During high school, Stipe lived in Collinsville, Illinois. Stipe found high school difficult; he said, "It was a very outgoing, flamboyant, loud school, and I hated everything about it. I was very, kind of afraid of a lot of things. In 1976 Stipe joined his first band, which lasted until the following year. While Stipe said the band was not spectacular, he acknowledged his bandmates had a major influence on him, introducing him to the music of The Stooges and The Velvet Underground.
All four members of R.E.M. dropped out of school in 1980 to focus on the band. Stipe was the last to drop out, as he still hoped to pursue a career in art history and photography. The band issued its debut single, "Radio Free Europe", on Hib-Tone. The song was a college radio success and the band signed to I.R.S. Records for the release of the Chronic Town EP one year later. R.E.M. released its debut album Murmur in 1983, which was widely acclaimed by critics. Stipe's vocals and lyrics received particular attention from listeners. The band's second album, Reckoning, followed in 1984.
R.E.M. traveled to England to record its third album Fables of the Reconstruction (1985). The band members found the sessions unexpectedly difficult, and were miserable due to the cold winter weather and poor food. Stipe also had a disagreement with producer Joe Boyd over his vocals: Boyd wanted the vocals to be clear, but Stipe "was still in his period of not wanting the vocals to be clear, so he argued against making them louder or brighter or clearer", the producer said. The difficult situation brought the band to the verge of break-up. Even after the album was released, relationships were tense within the band. Stipe said of the period, "I was well on my way to losing my mind". Stipe gained weight and his behavior became more eccentric; he shaved his hair into a monk's tonsure, and later, dyed it yellow with egg yolk. Antagonisms between Stipe and Mills came to a head in 1985. Mills said later, "Michael and I didn't get along in a lot of ways for a few years. We were very different people [. . .] Michael was trying to deal with being a really shy person thrust to the front of the band. And I was trying to deal with how somebody had an attitude when it was unnecessary." The bandmates had a talk to "clear the air", and resolved their differences.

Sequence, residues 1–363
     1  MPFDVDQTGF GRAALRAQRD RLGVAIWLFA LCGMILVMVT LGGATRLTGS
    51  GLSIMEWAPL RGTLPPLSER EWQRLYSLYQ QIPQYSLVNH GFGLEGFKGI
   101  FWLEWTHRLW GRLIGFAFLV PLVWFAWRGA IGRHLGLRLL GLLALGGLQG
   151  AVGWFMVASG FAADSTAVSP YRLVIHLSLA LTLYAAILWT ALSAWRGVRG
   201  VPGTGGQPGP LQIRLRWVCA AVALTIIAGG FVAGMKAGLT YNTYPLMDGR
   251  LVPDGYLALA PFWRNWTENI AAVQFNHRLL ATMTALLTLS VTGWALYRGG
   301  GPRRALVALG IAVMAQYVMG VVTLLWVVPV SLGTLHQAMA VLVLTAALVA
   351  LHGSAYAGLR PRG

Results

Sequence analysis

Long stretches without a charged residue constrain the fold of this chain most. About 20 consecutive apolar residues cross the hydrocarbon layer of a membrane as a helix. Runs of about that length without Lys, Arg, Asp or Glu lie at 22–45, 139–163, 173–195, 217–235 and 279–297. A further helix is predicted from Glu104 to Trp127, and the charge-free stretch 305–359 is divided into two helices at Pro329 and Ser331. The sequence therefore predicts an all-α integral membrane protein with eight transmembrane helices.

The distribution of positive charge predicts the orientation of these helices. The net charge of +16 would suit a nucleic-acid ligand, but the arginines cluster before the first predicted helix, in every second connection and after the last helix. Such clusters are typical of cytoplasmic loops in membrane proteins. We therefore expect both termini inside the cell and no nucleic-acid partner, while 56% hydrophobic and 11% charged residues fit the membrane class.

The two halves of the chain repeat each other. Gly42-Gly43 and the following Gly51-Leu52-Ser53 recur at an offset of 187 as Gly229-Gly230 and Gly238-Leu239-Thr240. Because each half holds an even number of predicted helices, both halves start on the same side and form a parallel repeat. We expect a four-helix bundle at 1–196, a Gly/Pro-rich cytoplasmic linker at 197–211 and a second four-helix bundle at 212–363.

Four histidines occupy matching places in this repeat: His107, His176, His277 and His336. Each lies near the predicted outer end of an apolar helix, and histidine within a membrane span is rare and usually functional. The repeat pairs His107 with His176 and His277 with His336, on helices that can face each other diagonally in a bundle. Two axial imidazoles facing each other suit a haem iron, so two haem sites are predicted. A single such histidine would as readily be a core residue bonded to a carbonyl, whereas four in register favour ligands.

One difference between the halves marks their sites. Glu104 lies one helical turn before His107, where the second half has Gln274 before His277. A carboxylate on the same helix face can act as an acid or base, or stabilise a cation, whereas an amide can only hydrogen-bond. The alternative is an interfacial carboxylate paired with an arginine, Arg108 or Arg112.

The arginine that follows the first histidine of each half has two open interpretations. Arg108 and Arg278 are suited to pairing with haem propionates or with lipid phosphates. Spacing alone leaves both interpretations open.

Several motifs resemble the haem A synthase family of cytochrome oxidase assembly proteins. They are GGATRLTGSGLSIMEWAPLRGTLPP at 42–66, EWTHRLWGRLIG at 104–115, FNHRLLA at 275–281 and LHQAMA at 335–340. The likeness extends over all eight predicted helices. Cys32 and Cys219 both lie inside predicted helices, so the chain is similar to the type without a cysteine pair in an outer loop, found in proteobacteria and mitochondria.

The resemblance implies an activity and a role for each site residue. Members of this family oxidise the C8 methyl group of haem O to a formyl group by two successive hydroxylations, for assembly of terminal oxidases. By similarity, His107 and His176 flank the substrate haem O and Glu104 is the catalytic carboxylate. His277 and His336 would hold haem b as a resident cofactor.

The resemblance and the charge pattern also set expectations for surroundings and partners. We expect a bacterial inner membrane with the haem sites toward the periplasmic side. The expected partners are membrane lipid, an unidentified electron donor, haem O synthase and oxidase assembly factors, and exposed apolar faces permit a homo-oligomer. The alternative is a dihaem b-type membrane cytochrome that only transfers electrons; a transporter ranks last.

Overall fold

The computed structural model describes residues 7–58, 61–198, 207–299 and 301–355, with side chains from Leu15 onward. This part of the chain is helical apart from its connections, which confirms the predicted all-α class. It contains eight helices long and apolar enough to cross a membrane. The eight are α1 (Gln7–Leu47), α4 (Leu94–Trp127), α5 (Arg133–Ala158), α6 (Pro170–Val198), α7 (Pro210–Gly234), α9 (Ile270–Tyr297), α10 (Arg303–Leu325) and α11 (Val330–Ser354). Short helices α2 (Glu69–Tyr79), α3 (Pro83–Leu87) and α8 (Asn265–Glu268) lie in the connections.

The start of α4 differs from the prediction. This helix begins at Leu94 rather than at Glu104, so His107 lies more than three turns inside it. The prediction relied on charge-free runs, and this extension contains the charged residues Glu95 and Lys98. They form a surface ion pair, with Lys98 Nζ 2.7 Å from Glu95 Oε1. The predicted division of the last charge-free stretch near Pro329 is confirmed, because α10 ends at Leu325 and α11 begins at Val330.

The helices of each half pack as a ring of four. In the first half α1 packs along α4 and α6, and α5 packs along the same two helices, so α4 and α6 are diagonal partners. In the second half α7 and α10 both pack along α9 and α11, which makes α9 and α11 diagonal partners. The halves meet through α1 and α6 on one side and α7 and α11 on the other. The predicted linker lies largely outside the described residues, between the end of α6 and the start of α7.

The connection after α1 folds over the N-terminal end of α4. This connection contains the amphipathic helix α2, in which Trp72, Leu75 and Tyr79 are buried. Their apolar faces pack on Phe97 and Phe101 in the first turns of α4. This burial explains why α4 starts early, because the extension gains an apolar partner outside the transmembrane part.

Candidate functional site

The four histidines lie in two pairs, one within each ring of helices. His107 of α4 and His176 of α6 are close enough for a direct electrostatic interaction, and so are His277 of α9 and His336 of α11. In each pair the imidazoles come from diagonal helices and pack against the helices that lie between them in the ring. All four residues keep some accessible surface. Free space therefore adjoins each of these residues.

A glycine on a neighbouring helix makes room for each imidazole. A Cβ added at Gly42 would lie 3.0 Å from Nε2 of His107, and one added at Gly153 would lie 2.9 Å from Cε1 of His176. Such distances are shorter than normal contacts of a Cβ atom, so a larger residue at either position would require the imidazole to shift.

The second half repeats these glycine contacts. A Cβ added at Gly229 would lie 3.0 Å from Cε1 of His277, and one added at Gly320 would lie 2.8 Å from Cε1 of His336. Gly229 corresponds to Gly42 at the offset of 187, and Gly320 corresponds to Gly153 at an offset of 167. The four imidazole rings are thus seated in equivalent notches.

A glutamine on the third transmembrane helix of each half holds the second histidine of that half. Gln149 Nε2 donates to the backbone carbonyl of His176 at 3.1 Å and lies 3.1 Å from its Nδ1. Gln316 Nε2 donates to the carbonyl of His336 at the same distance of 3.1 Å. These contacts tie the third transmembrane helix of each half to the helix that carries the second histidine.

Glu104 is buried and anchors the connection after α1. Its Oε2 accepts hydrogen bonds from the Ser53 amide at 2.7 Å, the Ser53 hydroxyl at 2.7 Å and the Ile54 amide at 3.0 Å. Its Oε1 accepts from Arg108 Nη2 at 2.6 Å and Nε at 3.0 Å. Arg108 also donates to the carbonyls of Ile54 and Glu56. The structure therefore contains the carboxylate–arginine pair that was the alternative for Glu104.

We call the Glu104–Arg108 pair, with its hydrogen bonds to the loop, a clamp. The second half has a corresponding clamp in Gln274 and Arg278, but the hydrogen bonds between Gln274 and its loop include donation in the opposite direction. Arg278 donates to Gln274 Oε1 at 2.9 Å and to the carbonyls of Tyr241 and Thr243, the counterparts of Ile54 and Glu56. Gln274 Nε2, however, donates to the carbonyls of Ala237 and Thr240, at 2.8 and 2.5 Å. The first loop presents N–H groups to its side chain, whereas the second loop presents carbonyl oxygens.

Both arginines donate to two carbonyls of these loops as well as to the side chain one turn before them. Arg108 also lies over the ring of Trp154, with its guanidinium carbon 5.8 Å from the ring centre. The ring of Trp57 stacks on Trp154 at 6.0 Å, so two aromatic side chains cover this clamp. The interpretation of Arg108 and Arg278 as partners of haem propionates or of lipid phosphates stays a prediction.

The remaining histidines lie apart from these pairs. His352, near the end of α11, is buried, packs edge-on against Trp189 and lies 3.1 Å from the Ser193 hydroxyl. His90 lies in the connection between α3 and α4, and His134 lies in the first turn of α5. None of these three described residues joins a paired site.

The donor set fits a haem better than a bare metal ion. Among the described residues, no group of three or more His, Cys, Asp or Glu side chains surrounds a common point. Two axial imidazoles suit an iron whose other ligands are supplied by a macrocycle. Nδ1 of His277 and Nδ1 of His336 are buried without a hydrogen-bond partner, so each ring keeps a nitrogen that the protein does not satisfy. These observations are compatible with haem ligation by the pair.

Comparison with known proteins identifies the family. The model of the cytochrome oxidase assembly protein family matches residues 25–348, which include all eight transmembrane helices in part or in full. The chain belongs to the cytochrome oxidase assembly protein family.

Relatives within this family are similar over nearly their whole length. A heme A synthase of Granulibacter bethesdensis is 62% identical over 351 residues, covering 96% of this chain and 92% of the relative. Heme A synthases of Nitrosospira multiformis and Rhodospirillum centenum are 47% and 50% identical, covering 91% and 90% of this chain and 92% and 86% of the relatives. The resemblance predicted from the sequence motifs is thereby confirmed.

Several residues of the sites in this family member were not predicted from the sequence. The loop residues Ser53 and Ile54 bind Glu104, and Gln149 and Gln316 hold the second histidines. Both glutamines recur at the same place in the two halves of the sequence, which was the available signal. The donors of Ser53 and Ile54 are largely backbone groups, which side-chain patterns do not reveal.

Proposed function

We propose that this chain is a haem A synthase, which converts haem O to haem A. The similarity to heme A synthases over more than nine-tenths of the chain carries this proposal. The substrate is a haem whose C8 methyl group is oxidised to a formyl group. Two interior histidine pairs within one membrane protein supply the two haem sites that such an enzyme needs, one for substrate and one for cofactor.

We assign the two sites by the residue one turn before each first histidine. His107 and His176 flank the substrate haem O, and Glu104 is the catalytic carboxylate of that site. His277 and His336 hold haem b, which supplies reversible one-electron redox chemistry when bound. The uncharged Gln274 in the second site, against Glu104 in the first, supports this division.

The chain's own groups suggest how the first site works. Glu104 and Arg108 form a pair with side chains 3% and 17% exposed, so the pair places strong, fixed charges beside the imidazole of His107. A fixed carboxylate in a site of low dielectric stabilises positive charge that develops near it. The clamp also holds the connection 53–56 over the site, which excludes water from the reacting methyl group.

This might be really naïve, but my number one reason was – this is incredibly naïve, in retrospect – but I really felt like there are a lot of people who might respect me, for whatever reason, because of the music or just because I’m a celebrity, that think that the AIDS story about me might impact them in the way they handle their own private affairs, or in the way they thought about people who were HIV positive or who had AIDS. And, number two, I felt like it was a ludicrous claim and I didn’t feel like sinking to kibbles-and-bits journalism to even respond to it. It was spawned from a ridiculous series of little things and I didn’t feel like it was worth answering.
According to Stipe, he did not start the rumor and he does not know who did.
Not that I can tell. I wore a hat that said 'White House Stop AIDS'. I’m skinny. I’ve always been skinny, except in 1985 when I looked like Marlon Brando, the last time I shaved my head. I was really sick then. Eating potatoes. I think AIDS hysteria would obviously and naturally extend to people who are media figures and anybody of indecipherable or unpronounced sexuality. Anybody who looks gaunt, for whatever reason. Anybody who is associated, for whatever reason – whether it's a hat, or the way I carry myself – as being queer-friendly.
Stipe had planned a collaboration with Nirvana's Kurt Cobain in 1994, but did not manage to compose or record anything before Cobain's death. Stipe was chosen as the godfather of Kurt Cobain and Courtney Love's daughter, Frances Bean Cobain.
Stipe was once very close to fellow singer Natalie Merchant and has recorded a few songs with her, including one entitled "Photograph" which appeared on a pro-choice benefit album entitled Born to Choose and they have appeared live with Peter Gabriel singing Gabriel's single "Red Rain".